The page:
Students at Edmonds-based Scriber Lake High School got a real-world lesson in why math matters during a week-long project building a tiny house for a homeless women’s encampment
According to Scriber Lake Principal Andrea Hillman, the school has wanted to do a building project for a long time. Everything came together thanks to Bob Perkins, who sits on the board of Seattle-based nonprofit Sawhorse Revolution and is also married to a Scriber Lake counselor.
Sawhorse Revolution teaches high school students building skills, and received a King County grant to build 10 houses this year. Perkins said that Sawhorse will build four or five houses on its own and is partnering with other organizations — including Scriber — to produce the rest.
Scriber Lake High School has one-week mini-courses, such as this, taught between the first and second quarter and between the third and fourth quarter. They are all day, every day for those five days only.
“We do super-hands-on, engaging, high-interest courses that offer credit,” Hillman said.
Two math teachers work on the houses with the students, who receive general elective credit. Additionally, if the students need to complete some math credit, they also have a real-life math lesson daily after lunch to connect the math with their project, she explained.
“This has been a really, really great crew,” said Bob Perkins of Sawhorse Revolution. “These kids are kinda amazing. They’ve really been focused and they’ve been working hard.”
The students have been learning many different skills. Each one received a tape measure to take home, in the hope they will build something. Perkins said two students were talking about building their own tiny house this summer. The students have been learning how to deal with fractions and also use several power tools such as the chop saw, circular saw and power nailers.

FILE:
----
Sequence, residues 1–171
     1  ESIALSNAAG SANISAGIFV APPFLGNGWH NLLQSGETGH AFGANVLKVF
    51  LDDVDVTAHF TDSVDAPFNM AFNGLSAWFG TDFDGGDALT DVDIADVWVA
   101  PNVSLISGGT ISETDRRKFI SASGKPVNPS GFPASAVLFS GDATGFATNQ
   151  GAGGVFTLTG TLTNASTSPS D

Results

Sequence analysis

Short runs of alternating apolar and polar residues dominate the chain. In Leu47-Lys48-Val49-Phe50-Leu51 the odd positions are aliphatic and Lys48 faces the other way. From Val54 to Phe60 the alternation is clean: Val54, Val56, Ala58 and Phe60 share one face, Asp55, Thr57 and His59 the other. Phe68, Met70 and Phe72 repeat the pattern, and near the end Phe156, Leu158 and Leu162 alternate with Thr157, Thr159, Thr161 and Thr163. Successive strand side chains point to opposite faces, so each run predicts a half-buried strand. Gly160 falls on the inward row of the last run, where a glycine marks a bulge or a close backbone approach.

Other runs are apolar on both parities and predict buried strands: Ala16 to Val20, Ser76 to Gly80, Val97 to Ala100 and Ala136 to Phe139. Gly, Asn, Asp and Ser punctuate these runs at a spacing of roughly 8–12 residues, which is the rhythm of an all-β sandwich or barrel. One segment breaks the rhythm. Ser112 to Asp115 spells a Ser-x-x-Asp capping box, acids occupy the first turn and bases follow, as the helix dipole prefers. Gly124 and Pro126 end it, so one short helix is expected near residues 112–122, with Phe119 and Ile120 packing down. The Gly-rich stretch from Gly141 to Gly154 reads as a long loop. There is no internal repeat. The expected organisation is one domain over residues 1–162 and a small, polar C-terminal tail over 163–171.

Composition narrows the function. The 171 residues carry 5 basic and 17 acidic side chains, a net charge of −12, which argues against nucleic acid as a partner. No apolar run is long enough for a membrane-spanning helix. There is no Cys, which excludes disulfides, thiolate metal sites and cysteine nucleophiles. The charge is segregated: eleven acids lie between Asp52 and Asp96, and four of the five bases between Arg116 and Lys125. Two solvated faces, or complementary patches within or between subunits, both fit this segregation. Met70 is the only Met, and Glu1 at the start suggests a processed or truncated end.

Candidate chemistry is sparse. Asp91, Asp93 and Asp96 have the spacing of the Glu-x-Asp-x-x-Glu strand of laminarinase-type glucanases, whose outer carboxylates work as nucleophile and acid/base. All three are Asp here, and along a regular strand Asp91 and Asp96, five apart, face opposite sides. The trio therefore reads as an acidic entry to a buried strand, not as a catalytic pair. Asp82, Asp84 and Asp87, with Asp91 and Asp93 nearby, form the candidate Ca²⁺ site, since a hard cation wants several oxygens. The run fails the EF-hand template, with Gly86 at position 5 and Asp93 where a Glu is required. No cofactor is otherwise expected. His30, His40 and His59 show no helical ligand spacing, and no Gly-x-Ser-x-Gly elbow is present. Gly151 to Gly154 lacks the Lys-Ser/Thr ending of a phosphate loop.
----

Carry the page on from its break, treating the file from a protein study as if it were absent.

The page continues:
The crew started with the foundation, building the frame and adding insulation. One of the pieces of feedback from individuals who live in the tiny houses, which have no power or water, is that the floors get cold. The students are trying to solve this issue by insulating the floors and the walls as much as possible. The basic design of the house came from the Low Income Housing Institute, which coordinates many of the tiny house villages in the Seattle area.
“Whoever gets this is going to have a really nice little home,” Perkins said.
Scriber Lake students participated in a number of mini-courses during the past week. Another group of students visited college campuses and worked on the FAFSA financial aid form, college essays and scholarships. In addition, a group called Making it in the Music Industry lets students explore music-related careers and jobs. Other students are spending the week at the YMCA learning water survival and taking other classes.
“That’s what we try to do with all of our mini courses,” Hillman said. “Make what you’re learning really relevant, so kids can really see why we study what we study.”
— By Hannah Horiatis